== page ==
Album review, link. You’ve got this by now.

2. “She Will” by Savages

The Savages’ debut album was one of the most intense things that I heard this year. There are very few albums that affect me so deeply that I need to carefully monitor when and how much I listen to it. Silence Yourself acts on me the way Unknown Pleasures does, and that is a very high bar to reach. Songs like “She Will” can absolutely break me.

Jehnny Beth is scathing and confident in her takedown of gender roles. Although takedown is far too mild a word for this song. Evisceration is much more apt. Fay Milton’s drumming is primal and the guitar and bass work could be a song in themselves. These individual points are meaningless though because their sum is so much more. Everything fits in, everything works together and as a listener all you can do is what it says. This picks you up and hurls you where it wishes. That repeated refrain of the title at the song end is far to commanding to ignore.

This is the kind of song that you need to sit alone in perfect silence and breathe after. You can still hear it though. You’ll never really escape it.

1. “Control” by Big Sean (feat. Kendrick Lamar and Jay Electronica)

Let’s be clear about this. No matter what the title may say, this is K.Dot’s song. I haven’t seen a song been snatched quite so hard since a young Eminem killed Jay-Z in his prime on “Renegade“. The other verses are fine, but I’m not even going to go over them.

Kendrick Lamar has put it down with this song. Rap is going to change because of this and with it music and with that society. The world has moved and his verse is what did it. Let’s start with the easy part to talk about. He just claimed both coasts. With one hand, no less. He name-dropped everyone. Even people performing on this very song weren’t safe from him. Enough nice-guy rap, things are going to go hard again and Kendrick has brought the golden age back.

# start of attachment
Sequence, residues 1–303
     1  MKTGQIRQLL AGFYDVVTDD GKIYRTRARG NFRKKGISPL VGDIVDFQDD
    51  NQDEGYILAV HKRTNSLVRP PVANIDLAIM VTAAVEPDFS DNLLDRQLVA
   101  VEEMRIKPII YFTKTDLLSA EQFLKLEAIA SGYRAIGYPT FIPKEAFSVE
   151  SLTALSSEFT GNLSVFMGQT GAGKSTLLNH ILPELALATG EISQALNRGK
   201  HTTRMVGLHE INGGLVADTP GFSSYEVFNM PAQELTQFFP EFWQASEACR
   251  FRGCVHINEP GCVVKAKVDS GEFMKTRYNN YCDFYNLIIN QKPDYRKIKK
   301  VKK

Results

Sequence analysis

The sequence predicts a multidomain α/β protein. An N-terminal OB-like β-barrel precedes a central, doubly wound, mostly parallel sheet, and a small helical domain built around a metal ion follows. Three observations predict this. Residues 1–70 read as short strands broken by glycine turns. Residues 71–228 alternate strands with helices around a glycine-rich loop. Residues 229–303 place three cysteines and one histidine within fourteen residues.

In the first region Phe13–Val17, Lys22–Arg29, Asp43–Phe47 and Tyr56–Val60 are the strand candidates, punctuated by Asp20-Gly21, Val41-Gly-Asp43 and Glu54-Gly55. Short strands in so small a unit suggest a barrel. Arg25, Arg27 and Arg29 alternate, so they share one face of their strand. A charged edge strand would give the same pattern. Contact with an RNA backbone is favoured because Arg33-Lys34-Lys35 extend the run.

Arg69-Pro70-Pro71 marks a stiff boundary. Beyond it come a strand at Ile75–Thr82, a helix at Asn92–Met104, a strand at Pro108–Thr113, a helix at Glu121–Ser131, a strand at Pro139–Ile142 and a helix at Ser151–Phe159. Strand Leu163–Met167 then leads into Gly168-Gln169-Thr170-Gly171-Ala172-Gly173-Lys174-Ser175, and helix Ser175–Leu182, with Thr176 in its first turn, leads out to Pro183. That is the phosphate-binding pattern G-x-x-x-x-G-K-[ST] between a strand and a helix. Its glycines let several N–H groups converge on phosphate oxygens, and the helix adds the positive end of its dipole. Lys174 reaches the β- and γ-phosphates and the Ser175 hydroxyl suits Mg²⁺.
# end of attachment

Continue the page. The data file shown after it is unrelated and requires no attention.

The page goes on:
Now, let’s get to the song. Kendrick’s flow is still impossible. He rides this beat so hard it dies the moment he gets off it. Honestly, its heart probably stopped beating minutes before and K.Dot pushed it anyway. That moment when in the middle of calling out competition he takes a breath because the list is so long, that’s as much of a statement of confidence as wearing the crown. Don’t even talk to me about the replies. The mic was dropped with that verse and not even Thor has the ability to pick it back up. We’re done.

@murthynikhil

The Top Five Songs of 2013: Neeharika’s List

23 Dec

With about a week to go before the end of the year, 2013 is being hailed by critics across the board as a good year for music. We saw the emergence of new, promising artists like Haim and Lorde, and saw great followups by established acts such as Arctic Monkeys and Daft Punk. My Bloody Valentine made a reappearance twenty-two years (!) after their previous album, while Kanye West released a mad-hatter album whose hype rivals, if not exceeds, that which surrounded his blockbuster from 2010. Chance the Rapper and Earl Sweatshirt, too, released important rap albums. All in all, it was a good year for music. Here’s my take on the top five songs of the year. Hope you like it!

– Neeharika

5. “The Wire” by Haim

Haim

There are a handful of songs in the world where all the elements – the music, the lyrics, the style and the influences – sync perfectly and irrefutably together. These songs are very, very few and far between, and are invariably propelled to ‘instant classic’ status. It can be said, beyond the shadow of a doubt, that “The Wire” is one of these songs.